Like water sifting through a hole in a dam, debt levels to GDP around the world have been increasing exponentially.
Africa and the Middle East
While the editors here at The Daily Reckoning acknowledge and celebrate Australia’s giddy history as the dominant cricket power, they recognise when it comes to the global economy we’re not quite up there with the big boys.
Because Australia is a small, open economy, as an investor you need to watch developments overseas that can impact here. It might be the US central bank driving up the exchange rate, to European hedge funds shorting the market, to trade agreements in Asia changing the investing landscape.
That’s one reason they Reckon every day. If you need to know about it, they’ll cover it.
So whoever wins the election on Saturday inherits an economic time bomb. That they don’t know it doesn’t make it less so.
The British selling their properties could increase the stock of properties available for sale, creating a further fall in Spanish property prices.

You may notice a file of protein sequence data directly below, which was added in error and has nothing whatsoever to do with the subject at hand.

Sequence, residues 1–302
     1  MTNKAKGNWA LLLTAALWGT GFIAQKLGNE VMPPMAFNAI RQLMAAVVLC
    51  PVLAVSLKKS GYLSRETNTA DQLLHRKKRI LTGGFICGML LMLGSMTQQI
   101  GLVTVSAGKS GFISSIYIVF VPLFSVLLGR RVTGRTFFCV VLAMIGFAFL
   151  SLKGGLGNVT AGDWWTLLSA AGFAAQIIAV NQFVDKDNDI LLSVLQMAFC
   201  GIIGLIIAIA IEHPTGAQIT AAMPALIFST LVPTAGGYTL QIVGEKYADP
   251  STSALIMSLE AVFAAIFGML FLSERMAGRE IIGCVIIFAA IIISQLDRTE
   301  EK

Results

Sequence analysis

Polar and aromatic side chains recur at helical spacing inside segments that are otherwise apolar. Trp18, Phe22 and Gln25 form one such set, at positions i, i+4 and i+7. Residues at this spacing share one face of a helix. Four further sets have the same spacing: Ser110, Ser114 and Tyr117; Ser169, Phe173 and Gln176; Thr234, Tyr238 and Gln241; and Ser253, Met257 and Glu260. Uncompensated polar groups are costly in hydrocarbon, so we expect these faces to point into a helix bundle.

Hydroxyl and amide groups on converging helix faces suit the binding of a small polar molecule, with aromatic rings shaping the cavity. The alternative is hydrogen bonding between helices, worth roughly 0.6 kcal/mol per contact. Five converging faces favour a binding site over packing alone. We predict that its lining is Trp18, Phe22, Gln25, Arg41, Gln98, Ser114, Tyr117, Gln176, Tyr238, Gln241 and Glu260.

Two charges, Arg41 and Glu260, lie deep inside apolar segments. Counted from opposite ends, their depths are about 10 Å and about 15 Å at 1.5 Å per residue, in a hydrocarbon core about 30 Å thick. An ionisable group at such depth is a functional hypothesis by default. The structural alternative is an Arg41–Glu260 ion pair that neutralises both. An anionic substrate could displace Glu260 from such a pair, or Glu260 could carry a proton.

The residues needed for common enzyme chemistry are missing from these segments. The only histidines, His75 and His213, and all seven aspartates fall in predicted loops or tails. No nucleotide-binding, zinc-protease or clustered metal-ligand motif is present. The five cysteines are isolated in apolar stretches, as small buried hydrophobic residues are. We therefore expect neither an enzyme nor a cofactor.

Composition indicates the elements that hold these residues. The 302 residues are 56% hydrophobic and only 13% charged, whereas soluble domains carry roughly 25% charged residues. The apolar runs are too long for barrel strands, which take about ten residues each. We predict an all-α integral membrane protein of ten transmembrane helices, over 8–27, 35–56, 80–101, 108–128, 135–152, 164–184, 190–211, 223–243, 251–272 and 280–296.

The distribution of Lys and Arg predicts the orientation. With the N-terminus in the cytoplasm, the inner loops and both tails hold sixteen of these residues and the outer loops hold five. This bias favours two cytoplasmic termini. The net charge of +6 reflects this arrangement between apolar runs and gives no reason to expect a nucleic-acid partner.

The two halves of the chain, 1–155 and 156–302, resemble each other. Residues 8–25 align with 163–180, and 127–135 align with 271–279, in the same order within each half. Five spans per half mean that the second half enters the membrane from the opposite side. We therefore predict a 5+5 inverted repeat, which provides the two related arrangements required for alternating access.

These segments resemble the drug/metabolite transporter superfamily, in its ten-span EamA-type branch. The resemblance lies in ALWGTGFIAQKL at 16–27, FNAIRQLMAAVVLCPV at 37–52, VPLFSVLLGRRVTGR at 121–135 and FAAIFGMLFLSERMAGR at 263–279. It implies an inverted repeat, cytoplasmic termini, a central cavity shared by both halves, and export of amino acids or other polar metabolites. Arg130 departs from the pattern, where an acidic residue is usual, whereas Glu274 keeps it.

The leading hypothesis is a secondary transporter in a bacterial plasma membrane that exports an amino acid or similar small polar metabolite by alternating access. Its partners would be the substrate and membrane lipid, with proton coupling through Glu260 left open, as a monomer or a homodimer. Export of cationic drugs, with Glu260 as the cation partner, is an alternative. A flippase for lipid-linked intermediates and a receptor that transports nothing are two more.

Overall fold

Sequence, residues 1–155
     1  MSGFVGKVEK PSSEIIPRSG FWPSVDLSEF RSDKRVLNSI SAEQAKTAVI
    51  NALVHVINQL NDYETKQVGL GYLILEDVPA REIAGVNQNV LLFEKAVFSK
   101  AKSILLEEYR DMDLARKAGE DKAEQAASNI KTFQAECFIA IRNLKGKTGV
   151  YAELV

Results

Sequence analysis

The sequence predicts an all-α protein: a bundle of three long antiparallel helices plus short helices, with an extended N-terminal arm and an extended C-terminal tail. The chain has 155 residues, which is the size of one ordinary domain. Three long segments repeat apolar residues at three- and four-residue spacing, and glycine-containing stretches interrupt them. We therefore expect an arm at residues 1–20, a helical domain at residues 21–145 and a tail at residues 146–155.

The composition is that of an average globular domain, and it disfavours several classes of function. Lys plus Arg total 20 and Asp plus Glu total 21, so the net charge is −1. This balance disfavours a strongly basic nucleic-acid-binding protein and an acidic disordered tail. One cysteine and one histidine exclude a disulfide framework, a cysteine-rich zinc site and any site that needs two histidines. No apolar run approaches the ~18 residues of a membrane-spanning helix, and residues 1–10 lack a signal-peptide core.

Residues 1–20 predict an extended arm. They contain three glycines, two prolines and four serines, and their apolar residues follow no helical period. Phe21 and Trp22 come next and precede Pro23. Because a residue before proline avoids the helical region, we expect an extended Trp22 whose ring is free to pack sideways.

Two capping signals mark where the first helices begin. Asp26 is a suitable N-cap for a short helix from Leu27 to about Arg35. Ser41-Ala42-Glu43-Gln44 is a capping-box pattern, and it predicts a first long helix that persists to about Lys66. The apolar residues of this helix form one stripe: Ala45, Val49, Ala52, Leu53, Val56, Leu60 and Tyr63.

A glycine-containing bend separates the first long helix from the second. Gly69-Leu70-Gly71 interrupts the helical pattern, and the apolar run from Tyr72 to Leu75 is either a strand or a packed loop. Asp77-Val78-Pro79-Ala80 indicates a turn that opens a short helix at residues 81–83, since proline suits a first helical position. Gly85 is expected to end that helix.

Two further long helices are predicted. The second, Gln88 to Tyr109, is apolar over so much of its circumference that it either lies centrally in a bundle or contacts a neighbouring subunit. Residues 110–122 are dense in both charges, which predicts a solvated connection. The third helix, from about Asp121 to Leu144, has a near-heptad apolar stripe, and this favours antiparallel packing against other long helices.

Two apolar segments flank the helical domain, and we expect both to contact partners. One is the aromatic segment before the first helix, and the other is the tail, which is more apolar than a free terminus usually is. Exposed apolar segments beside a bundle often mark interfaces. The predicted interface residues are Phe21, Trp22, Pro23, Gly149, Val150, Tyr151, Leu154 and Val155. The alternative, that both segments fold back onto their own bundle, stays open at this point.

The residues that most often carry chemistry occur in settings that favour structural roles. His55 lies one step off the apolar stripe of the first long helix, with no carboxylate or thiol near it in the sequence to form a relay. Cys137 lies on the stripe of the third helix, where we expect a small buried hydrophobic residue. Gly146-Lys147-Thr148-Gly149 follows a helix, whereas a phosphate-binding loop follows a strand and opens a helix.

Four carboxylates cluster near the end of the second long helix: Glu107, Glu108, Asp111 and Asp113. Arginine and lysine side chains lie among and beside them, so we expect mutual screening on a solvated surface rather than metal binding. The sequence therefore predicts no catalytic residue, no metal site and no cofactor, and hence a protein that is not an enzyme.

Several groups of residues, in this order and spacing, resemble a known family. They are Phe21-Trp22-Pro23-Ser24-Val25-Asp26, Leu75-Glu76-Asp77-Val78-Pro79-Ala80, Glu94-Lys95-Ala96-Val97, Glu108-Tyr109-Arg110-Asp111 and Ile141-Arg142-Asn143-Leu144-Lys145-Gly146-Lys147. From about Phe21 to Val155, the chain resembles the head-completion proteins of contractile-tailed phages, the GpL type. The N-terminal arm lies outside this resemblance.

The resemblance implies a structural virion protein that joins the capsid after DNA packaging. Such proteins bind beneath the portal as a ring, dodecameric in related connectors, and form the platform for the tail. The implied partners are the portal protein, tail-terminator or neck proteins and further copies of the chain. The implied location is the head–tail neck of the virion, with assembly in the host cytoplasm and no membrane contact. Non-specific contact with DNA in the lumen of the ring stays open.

Last week, Jim Rickards and I explained to subscribers of Strategic Intelligence and Currency Wars Trader that the Brexit poll predictions were wrong.
When markets ultimately collapse from the insiders’ manipulation, central bankers are going to go from being ‘deified’ to ‘vilified’. And rightly so.
One of the most important issues the Brexit vote has shown is how divided UK society is on the EU experiment. And that divide extends between generations and regions.
I’m probably the most bearish resources analyst in the world. But this doesn’t mean we can’t make money buying resource stocks — far from it.
For European leaders, though, Brexit paves an opportunity for greater integration. Without the UK throwing its (often unwanted) weight around.
The Brexit will kill any of the EU recovery signs we saw during the last few months. And it may even spark a new economic crisis.
One represents the international Deep State elite, desperate to hold on to its power, wealth and privileges. The other promises an American ‘Brexit’…
Just like the Global Financial Crisis, when fear takes over the market, everybody focuses on risk and exiting positions.
If financial risk increases in Europe, it will threaten the flow of capital to Australia. In fact, you’re already seeing this.
The global economy will still function on vast amounts of money creation, with each stimulus effort begetting an even bigger one.
It has now been six months since the presidential elections. And Spain has not been able to elect a president.
Today, the UK decides if it stays or leaves the EU. If the UK votes for a Brexit, what will happen tomorrow?